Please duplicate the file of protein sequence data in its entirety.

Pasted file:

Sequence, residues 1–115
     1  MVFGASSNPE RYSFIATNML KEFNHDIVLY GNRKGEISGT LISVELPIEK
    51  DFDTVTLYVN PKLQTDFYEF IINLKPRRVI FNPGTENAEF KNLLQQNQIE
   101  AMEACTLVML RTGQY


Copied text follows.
Sequence, residues 1–115
     1  MVFGASSNPE RYSFIATNML KEFNHDIVLY GNRKGEISGT LISVELPIEK
    51  DFDTVTLYVN PKLQTDFYEF IINLKPRRVI FNPGTENAEF KNLLQQNQIE
   101  AMEACTLVML RTGQY